The end result is a large number of Christians being dazed and confused about how crazy the world has become, and how their values and beliefs are not just out of touch with mainstream society but to some are framed as bigoted and ignorant. This helps explain why only 3 percent of churches in America are growing through evangelism.

Faith or History?

When it comes to Jesus Christ, there has definitely been a higher standard, unreasonably high at times, for establishing the facts surrounding His life, works, and words. The specific criteria used by many of today’s leading scholars to verify the authenticity of Jesus have been so demanding that if applied to ancient history most of what is currently accepted would dissolve into oblivion. Imagine asserting, as skeptics do for the biblical records, that we could only know about ancient Rome from what we learn from non-Roman sources. In contrast, scholars who use trusted approaches fairly and consistently recognize that Christian beliefs about Jesus are solidly grounded in historical fact.

Historians use reliable criteria to establish the probability that an event happened in the past. For instance, claims are more likely true if they are reported by multiple, independent sources. By this standard, our knowledge about Jesus is superior to that of virtually every other ancient historical figure. Scholars have discovered more literary sources for the historical Jesus within the first hundred years after His life than all of the primary literary sources for Socrates, which, incidentally, are in far less agreement with each other than the Gospels.

When the historical process is arbitrary and inconsistent, the past becomes something people with a hidden agenda or bias can manipulate. This type of mindset leads to disregarding the miraculous accounts given by Jesus’ followers in the Gospels. Those accounts are replaced with historical profiles of what someone living at the time of Jesus would have probably been like. Others go so far as claiming that the followers of Jesus merely borrowed from the mythology of the Egyptians, Greeks, and Persians. As for the miracles? Scoffers simply say they didn’t happen because everyone knows there’s no such thing as miracles.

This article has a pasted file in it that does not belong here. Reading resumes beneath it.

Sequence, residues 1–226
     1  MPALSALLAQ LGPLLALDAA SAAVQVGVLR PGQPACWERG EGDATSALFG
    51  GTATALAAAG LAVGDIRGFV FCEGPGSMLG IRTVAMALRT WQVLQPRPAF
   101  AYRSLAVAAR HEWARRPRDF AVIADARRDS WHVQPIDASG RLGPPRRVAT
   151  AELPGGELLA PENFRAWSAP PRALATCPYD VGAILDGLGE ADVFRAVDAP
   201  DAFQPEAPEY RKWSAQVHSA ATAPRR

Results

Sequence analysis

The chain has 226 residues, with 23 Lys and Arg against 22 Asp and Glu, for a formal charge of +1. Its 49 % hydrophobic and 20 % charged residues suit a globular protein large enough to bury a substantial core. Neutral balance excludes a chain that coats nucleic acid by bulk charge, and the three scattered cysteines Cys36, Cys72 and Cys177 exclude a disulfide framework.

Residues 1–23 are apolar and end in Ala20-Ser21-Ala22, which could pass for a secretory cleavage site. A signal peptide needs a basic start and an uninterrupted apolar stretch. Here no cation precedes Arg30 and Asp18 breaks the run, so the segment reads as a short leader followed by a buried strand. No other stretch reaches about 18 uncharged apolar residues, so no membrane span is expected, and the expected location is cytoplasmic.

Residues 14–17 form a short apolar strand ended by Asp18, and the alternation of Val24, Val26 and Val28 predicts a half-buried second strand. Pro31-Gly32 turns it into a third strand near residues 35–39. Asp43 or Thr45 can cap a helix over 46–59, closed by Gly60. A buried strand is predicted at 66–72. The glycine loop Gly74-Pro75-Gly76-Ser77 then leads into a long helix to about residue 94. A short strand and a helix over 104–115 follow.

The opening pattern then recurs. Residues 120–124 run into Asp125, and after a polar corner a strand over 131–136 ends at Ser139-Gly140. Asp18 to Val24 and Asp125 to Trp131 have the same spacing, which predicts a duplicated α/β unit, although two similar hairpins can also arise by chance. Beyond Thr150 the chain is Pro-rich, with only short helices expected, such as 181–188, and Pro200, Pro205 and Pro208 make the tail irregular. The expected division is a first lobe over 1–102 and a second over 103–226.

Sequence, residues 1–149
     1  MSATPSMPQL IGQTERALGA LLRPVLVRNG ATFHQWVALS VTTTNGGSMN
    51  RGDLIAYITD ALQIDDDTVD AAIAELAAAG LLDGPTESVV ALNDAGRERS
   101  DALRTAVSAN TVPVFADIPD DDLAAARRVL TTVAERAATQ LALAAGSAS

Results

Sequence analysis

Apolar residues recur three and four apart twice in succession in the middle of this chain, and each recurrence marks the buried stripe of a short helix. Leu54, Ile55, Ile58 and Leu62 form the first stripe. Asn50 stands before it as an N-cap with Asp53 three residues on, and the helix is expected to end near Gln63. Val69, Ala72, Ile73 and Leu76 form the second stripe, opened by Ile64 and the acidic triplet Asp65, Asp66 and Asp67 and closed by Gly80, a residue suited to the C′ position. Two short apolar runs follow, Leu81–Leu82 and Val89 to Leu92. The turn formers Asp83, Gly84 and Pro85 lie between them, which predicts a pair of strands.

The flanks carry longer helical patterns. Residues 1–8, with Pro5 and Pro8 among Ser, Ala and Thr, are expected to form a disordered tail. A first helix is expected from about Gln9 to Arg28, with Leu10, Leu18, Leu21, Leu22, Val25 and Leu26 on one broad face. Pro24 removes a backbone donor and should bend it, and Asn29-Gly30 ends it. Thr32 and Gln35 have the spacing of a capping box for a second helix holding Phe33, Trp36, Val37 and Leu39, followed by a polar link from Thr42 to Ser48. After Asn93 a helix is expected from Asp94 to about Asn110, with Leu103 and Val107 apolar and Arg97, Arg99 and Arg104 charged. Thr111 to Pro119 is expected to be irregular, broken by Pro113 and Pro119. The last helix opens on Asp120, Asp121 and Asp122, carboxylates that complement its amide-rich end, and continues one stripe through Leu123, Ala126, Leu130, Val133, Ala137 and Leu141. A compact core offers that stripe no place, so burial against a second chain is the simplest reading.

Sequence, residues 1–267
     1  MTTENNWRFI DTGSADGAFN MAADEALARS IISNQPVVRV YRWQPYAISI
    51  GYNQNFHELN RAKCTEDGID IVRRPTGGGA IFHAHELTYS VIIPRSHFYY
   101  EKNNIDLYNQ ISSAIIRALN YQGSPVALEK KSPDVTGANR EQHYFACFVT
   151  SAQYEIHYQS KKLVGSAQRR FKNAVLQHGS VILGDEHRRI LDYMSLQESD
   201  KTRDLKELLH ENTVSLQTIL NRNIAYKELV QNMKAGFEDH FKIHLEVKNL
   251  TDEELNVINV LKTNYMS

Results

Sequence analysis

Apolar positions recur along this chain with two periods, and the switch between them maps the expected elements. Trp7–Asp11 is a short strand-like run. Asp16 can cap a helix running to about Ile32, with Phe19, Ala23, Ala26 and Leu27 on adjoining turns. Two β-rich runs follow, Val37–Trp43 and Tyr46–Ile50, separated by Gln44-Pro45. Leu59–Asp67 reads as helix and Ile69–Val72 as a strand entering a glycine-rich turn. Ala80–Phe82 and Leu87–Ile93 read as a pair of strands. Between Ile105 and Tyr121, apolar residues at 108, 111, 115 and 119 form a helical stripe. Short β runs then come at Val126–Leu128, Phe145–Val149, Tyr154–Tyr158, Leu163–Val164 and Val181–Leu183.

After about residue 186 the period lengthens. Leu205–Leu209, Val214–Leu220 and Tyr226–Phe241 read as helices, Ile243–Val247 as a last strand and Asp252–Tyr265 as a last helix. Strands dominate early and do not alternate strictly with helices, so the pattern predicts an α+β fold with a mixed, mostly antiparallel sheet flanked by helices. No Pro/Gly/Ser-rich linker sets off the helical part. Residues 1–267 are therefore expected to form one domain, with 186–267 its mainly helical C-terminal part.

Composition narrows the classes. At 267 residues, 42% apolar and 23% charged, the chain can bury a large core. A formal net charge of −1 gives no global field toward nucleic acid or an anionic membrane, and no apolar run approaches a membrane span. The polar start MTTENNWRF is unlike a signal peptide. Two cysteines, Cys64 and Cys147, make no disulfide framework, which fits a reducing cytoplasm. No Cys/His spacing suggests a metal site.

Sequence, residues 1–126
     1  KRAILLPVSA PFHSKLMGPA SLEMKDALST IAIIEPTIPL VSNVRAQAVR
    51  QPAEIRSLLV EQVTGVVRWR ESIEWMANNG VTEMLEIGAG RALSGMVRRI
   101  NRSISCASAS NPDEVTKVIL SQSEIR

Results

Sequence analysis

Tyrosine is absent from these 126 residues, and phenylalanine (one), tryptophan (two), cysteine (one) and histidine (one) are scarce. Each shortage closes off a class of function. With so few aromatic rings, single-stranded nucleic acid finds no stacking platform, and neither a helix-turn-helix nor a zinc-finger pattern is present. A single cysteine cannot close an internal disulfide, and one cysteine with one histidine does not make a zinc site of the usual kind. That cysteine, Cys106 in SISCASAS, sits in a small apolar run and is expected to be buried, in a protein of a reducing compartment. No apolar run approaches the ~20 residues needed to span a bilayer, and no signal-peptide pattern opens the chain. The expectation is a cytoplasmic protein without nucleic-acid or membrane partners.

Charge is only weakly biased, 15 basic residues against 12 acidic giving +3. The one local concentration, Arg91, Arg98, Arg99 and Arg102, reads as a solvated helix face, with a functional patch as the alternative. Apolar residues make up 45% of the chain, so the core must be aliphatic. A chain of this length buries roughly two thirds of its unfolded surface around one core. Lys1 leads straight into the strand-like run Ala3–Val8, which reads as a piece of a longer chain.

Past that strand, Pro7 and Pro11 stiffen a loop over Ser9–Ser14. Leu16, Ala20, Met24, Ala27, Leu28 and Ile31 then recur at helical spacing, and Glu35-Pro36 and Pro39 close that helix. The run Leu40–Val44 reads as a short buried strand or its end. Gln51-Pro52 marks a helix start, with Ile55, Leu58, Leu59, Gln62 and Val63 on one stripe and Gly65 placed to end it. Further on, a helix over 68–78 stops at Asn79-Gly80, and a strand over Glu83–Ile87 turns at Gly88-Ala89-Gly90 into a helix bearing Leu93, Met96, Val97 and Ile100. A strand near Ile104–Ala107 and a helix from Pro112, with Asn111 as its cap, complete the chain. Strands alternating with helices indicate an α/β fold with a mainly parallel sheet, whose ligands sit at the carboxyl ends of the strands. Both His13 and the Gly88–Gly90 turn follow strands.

The roots of this culture of skepticism can be traced back to the seventeenth and eighteenth centuries. This period—known as the “Enlightenment”—could better be described as the age of skepticism. The mindset of this era is best summed up by René Descartes. He said, “In order to seek truth, it is necessary once in the course of our life, to doubt, as far as possible, of all things.” For Descartes, the foundation of reality is our own thoughts (albeit doubts) about the fact of our existence. The seeds that Descartes planted grew over the next century into the Enlightenment era, which promoted the concept that “reason replaced revelation” in terms of the source of the culture’s epistemology.

The Resurrection Changes Everything

The claim that Jesus was resurrected three days after His death is not just an article of faith, but a statement that can be examined historically. Of course, if Jesus was not really raised from the dead, then the resurrection of Jesus has no meaning. Christianity is based on this central claim and is thus open to critical historical inquiry. In the same way that Charles Darwin in his book On the Origin of Species by Means of Natural Selection sought to establish the past history of living things through what he called inference to the best explanation, we can look at this event using the same process. In fact, the apostle Paul wrote that if Christ was not raised from the dead then the Christian faith would be false (1 Corinthians 15:14). Critics have long maintained that religious claims are simply statements of faith that have no basis in fact. Claims of science, they say, are more credible because they can be proven false. Yet this is exactly what Christianity declares. No other religion bases the entire weight of its credibility on a single event or miracle.